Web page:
Development of the concept of a complex. (English) Zbl 0944.57001

James, I. M. (ed.), History of topology. Amsterdam: Elsevier. 103-110 (1999).
Introduction: In algebraic and geometric topology and elsewhere in mathematics the concept of a complex played and plays till now a basic role: in simplicial and cellular homology, in homotopy theory, in obstruction theory, in the study of PL-manifolds, in the homological theory of groups, etc. Spaces which admit a decomposition into cells are often easier to handle than general topological manifolds. Fortunately, the majority of ‘interesting’ topological spaces fall into this category. These advantages counterbalance the cumbersome definitions and proofs of the main properties of complexes, in particular, invariance properties. In the article we will describe the thorny way to the concepts used nowadays. It took quite a long time since the problems considered belonged to other disciplines of mathematics, mainly to analysis and geometry and the topological side became clear only later. For this treatment of the history of complexes we obtained much information from survey articles and books with historical remarks or flavour such as [M. Dehn and P. Heegaard, Enzyklopädie Math. Wissensch., Vol. III AB/3 (1907); J. Dieudonné, Abrégé d’histoire des mathématiques 1700-1900 (1986; Zbl 0656.01001), A history of algebraic and differential topology 1900-1960 (1989; Zbl 0673.55002); J. Stillwell, Classical topology and combinatorial group theory, Grad. Texts Math. 72 (1980; Zbl 0453.57001), Mathematics and its history (1989; Zbl 0685.01002); P. Alexandroff and H. Hopf, Topologie. Bd. I, Grundlehren Math. Wiss. 45 (1935; Zbl 0013.07904); H. Seifert and W. Threlfall, Lehrbuch der Topologie (1934; Zbl 0009.08601)].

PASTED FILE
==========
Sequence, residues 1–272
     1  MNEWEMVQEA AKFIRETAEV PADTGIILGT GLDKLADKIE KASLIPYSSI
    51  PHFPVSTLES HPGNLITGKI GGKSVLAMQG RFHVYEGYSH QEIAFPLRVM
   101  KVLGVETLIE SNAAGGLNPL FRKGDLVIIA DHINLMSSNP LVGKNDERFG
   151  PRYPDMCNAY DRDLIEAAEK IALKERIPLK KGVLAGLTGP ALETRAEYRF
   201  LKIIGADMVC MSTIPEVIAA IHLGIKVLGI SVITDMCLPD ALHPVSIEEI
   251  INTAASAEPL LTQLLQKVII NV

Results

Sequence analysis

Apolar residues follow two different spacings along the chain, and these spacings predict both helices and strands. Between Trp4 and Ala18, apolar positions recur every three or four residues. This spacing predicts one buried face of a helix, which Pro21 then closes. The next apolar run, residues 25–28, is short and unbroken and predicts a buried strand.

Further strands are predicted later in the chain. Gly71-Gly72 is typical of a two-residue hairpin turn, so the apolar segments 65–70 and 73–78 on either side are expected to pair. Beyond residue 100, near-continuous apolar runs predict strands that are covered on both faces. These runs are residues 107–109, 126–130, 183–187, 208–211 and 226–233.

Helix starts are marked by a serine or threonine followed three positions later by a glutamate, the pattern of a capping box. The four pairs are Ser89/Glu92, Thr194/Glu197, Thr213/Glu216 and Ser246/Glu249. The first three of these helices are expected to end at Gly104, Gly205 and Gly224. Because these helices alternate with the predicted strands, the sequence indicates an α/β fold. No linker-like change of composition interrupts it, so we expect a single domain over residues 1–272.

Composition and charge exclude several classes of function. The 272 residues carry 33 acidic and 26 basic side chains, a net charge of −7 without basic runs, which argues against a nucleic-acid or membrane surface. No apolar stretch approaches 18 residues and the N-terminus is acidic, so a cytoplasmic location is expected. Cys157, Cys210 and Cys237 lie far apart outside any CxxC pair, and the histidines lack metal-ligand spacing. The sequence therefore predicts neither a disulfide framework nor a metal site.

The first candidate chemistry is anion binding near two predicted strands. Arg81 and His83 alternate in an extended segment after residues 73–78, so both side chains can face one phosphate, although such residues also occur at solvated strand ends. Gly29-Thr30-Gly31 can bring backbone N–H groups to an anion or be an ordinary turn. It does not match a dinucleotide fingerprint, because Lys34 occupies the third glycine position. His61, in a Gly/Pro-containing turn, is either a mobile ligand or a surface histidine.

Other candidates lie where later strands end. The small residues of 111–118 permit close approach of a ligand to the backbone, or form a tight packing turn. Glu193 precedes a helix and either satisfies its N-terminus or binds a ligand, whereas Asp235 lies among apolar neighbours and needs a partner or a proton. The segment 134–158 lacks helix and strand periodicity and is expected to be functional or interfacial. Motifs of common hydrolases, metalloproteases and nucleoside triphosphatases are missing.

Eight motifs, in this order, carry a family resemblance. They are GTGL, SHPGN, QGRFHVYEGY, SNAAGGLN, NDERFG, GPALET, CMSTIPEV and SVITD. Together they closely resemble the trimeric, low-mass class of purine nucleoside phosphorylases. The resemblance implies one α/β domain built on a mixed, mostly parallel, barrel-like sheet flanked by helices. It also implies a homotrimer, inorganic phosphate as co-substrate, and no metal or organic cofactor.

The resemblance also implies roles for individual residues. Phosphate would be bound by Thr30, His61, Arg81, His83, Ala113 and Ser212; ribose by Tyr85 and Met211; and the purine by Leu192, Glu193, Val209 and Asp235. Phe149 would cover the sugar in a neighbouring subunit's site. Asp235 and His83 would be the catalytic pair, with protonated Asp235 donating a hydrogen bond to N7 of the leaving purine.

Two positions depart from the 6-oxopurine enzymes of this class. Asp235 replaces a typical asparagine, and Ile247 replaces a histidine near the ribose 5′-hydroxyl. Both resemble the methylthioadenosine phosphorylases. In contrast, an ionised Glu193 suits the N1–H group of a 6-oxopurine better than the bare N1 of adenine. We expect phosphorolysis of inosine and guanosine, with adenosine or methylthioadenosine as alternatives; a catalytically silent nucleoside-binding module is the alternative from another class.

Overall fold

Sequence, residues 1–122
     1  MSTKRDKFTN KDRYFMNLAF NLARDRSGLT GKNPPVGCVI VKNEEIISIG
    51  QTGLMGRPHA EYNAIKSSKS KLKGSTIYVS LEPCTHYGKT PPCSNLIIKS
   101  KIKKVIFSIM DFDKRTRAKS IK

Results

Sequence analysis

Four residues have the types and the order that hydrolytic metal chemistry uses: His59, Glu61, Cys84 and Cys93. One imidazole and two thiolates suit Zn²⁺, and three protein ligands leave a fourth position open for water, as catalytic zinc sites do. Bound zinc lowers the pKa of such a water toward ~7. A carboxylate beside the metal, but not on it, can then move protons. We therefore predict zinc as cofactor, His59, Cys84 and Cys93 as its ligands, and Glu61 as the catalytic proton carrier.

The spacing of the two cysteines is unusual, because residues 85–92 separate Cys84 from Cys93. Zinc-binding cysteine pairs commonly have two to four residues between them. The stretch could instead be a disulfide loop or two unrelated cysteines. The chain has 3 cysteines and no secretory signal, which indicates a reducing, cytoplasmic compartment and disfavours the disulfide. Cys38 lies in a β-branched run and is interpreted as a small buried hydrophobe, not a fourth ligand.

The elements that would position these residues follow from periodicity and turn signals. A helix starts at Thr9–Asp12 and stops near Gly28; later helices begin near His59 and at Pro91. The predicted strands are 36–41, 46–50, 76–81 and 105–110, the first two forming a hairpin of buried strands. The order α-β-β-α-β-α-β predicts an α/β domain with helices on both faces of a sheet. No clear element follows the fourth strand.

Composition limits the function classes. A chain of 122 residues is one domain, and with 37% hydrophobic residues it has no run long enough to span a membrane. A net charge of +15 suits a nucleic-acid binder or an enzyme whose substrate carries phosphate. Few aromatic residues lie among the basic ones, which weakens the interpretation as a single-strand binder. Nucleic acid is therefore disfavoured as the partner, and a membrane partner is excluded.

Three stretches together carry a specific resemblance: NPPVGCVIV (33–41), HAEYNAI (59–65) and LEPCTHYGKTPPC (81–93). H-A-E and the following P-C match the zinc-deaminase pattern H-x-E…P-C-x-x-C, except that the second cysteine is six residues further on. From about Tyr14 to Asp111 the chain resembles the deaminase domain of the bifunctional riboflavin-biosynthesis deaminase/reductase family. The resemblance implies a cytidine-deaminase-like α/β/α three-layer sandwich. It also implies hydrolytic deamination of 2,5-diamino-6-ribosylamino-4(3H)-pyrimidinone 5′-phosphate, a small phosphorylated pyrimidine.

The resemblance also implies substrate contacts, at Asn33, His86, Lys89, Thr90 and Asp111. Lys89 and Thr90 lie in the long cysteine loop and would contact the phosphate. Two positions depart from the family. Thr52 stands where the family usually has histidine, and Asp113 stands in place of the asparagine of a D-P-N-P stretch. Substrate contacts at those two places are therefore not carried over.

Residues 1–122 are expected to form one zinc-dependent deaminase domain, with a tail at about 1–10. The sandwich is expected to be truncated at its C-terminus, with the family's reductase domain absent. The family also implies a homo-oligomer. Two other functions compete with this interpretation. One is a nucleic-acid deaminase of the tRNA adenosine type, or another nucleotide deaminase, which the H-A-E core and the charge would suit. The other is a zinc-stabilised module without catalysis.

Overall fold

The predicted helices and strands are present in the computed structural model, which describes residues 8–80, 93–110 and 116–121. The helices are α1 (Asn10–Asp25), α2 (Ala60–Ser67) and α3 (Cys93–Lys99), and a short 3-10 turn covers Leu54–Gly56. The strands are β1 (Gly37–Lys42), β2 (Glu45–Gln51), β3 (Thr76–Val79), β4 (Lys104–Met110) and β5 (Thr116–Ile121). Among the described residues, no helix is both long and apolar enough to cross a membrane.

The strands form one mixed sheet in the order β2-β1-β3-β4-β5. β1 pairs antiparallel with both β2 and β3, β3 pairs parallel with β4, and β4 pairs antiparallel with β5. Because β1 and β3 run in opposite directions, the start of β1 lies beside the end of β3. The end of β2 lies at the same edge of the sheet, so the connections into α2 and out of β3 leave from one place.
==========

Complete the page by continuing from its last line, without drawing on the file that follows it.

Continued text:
For the entire collection see [Zbl 0922.54003].


57-03 History of manifolds and cell complexes
01A60 History of mathematics in the 20th century
57Q05 General topology of complexes